2011 Market Perspectives


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Outlook: The very short-term outlook is for USDA to start off next week by releasing its latest yield estimates on Monday morning at 8:30 A.M. Eastern Standard Time. The average guess of market analysts is that USDA will estimate a corn yield of 148.8 bushels per acre. Currently, corn prices seem to already be pricing on the prospect of an average 148 bushels per acre yield. Whatever the report says, there will be some price reaction to updated supply projections. Long-term, the market’s attention will turn increasing toward demand.

U.S. corn exporters are supposedly complaining about the apparent lack of demand. However, there is no reason for global buyers to purchase aggressively prior to harvest. Market participants will watch to see if international buyers return after harvest applies some pressure to price, or if they will make a firm statement by remaining out of the market.

Remaining out of the market is a possibility, and there is some discussion that China is already gearing up to significantly increase its use of feed wheat.  It will take several months to determine how many backs have been turned toward high-priced American corn. The current corn crop is only about 20 percent mature. So, export demand questions will be answered in the mid-term. In the longer-term, the outlook is for exchange rates, inflation and transportation costs to become increasingly important variables.





Current Market Values:




U.S. Drought Monitor Weather Forecast: The next 5 days (through September 11) are calling for a pretty quiet week across most of the West in what has been a relatively quiet monsoon season two-thirds of the way in. Another disturbance in the Bay of Campeche in the southwestern Gulf of Mexico seems to be revving up and could press northward over the coming days bringing a chance for more relief to the southeast as a potential tropical storm. It is too early to tell exactly where. Florida, the upper Midwest and the Northeast are also good candidates for ample precipitation during this period. Temperatures are expected to be slightly below-normal (1-3 degrees) for the entire southern half of the country with the northern third expected to see readings 3-9 degrees above normal.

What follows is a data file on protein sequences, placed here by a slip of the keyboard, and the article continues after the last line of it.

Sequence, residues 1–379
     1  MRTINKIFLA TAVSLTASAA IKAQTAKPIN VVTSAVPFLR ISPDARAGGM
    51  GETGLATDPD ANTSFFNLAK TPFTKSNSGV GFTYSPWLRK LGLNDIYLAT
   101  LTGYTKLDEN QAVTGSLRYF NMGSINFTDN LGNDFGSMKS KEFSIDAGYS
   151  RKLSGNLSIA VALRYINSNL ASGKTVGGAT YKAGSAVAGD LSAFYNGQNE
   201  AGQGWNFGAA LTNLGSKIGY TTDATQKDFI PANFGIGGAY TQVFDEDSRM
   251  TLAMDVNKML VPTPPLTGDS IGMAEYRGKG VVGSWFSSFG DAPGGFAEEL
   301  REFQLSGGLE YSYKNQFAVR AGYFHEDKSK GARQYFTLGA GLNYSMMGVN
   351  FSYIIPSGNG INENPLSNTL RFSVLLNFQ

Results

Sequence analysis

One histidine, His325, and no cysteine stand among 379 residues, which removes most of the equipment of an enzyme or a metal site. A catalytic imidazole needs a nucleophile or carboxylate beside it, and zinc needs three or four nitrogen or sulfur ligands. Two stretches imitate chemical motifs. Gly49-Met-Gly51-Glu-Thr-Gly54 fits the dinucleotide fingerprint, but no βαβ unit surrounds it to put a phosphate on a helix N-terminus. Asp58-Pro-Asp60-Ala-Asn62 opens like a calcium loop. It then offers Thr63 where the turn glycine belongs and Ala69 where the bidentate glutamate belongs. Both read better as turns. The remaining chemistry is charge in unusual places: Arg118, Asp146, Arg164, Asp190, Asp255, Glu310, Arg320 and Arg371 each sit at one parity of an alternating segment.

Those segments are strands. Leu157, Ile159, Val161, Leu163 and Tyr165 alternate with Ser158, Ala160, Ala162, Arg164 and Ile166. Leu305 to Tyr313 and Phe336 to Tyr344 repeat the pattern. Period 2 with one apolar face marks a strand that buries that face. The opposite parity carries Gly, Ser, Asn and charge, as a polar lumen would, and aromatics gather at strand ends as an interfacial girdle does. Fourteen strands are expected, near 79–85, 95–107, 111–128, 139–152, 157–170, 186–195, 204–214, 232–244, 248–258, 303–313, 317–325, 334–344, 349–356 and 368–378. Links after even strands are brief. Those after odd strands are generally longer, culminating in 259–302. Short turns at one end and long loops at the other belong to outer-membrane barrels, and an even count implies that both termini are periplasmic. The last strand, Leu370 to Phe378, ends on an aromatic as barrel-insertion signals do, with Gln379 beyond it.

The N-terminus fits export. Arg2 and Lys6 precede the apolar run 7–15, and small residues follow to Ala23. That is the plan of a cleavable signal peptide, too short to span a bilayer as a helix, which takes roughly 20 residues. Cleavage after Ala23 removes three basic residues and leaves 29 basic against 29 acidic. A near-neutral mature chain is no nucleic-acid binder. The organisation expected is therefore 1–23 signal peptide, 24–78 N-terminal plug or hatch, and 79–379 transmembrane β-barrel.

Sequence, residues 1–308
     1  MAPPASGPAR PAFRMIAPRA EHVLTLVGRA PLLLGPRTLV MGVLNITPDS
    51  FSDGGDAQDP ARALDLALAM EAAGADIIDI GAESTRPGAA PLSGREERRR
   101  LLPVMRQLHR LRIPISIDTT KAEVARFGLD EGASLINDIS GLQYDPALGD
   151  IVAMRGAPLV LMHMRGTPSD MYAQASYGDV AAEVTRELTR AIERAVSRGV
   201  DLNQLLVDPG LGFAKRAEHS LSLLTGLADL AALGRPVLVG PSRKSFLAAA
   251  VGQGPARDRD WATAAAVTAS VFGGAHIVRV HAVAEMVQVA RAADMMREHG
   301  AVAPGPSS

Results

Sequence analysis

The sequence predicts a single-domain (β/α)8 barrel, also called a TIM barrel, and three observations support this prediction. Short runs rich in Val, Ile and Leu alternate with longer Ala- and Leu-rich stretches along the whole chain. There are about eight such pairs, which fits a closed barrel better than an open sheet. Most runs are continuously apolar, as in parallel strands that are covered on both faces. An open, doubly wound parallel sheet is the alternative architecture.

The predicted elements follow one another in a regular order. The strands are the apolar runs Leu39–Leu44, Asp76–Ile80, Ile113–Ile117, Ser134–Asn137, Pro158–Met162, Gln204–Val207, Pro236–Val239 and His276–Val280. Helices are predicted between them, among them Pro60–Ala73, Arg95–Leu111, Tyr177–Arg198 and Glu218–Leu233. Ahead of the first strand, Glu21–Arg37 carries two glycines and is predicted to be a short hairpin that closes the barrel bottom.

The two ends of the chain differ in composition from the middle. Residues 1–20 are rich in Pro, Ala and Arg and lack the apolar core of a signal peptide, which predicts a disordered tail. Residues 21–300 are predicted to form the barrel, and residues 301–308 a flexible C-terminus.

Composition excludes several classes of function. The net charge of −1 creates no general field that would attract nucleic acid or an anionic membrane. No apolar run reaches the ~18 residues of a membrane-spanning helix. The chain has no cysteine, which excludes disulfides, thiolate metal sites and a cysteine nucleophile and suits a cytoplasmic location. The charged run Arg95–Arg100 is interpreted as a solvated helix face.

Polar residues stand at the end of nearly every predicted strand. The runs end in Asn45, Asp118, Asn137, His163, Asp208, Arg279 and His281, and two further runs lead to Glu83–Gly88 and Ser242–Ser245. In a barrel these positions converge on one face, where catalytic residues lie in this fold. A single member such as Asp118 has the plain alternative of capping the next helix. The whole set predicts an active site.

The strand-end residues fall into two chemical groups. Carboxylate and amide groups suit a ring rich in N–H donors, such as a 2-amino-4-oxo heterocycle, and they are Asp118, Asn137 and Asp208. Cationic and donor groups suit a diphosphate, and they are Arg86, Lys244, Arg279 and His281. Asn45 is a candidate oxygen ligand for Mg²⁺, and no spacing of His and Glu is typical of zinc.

The CPC 6-10 day forecast (September 13-17) is calling for better chances of above-normal temperatures across the western half of the United States. Parts of the Southeast (AL, MS), Ohio Valley (TN, KY, IN, OH) and eastern Great Lakes regions are expected to be below-normal. As for precipitation, the eastern seaboard from Florida to Maine could see above-normal rainfall as can the Intermountain West and Great Basin. Below-normal amounts are still likely across Texas and southern Oklahoma, along with the Pacific Northwest, and across the northern tier states from Montana to Minnesota. Follow this link to view current U.S. and international weather patterns and the future outlook: Weather and Crop Bulletin





Corn: Net sales of 820,600 MT for the 2011/2012 marketing year (which began September 1) were primarily for Mexico (313,800 MT), Japan (126,800 MT), the Dominican Republic (107,800 MT), Costa Rica (82,800 MT), South Korea (72,200 MT) and unknown destinations (52,100 MT). Decreases were reported for Colombia (33,700 MT). Net Sales of 50,000 MT for delivery in 2012/2013 were reported for Japan. A total of 2,795,700 MT in sales were outstanding on August 31 (the end of the 2010/2011 marketing year) and carried over to the 2011/12 marketing year. Exports of 687,200 MT were reported for August 26-31. The primary destinations were Japan (145,100 MT), Mexico (83,800 MT), Egypt (80,000 MT) and South Korea (57,000 MT). Accumulated exports for the 2010/11 marketing year were 45,256,400 MT, down 6 percent from the prior year’s total of 48,345,400 MT. Exports for September 1 of 136,000 MT were mainly for South Korea (71,200 MT), Mexico (25,600 MT), Costa Rica (23,700 MT), and Jamaica (11,800 MT).

Barley: There were no sales reported during the week.

Sorghum: Net sales reductions of 6,800 MT for the 2011/2012 marketing year (which began September 1) resulted as increases for Japan (8,300 MT, switched from unknown destinations), were partially offset by decreases for unknown destinations (8,300 MT) and Mexico (6,900 MT). A total of 172,600 MT were outstanding on August 31 (the end of the 2010/2011 marketing year) and carried over to the 2011/2012 marketing year. Exports of 48,200 MT were reported for August 26-31. The destinations were Mexico (40,400 MT) and Japan (7,800 MT). Accumulated exports for the 2010/11 marketing year totaled 3,334,900 MT, down 3 percent from the prior year’s total of 3,244,400 MT. Exports of 8,900 MT for September 1 were to Japan (8,300 MT) and Mexico (600 MT).

















General Comments: